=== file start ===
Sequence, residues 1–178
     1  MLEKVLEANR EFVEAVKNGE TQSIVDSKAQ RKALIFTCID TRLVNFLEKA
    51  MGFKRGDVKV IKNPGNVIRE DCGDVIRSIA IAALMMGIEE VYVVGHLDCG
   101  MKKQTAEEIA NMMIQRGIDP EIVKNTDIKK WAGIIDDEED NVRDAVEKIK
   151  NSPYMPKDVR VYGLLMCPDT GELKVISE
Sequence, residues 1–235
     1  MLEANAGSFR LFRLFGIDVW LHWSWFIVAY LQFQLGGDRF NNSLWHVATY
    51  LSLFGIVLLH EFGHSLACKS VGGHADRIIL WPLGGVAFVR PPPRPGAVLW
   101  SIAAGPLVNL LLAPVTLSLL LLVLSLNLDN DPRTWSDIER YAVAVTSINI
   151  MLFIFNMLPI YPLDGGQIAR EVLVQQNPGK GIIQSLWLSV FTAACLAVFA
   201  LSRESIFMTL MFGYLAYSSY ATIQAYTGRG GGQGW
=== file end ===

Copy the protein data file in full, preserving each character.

Sequence, residues 1–178
     1  MLEKVLEANR EFVEAVKNGE TQSIVDSKAQ RKALIFTCID TRLVNFLEKA
    51  MGFKRGDVKV IKNPGNVIRE DCGDVIRSIA IAALMMGIEE VYVVGHLDCG
   101  MKKQTAEEIA NMMIQRGIDP EIVKNTDIKK WAGIIDDEED NVRDAVEKIK
   151  NSPYMPKDVR VYGLLMCPDT GELKVISE
Sequence, residues 1–235
     1  MLEANAGSFR LFRLFGIDVW LHWSWFIVAY LQFQLGGDRF NNSLWHVATY
    51  LSLFGIVLLH EFGHSLACKS VGGHADRIIL WPLGGVAFVR PPPRPGAVLW
   101  SIAAGPLVNL LLAPVTLSLL LLVLSLNLDN DPRTWSDIER YAVAVTSINI
   151  MLFIFNMLPI YPLDGGQIAR EVLVQQNPGK GIIQSLWLSV FTAACLAVFA
   201  LSRESIFMTL MFGYLAYSSY ATIQAYTGRG GGQGW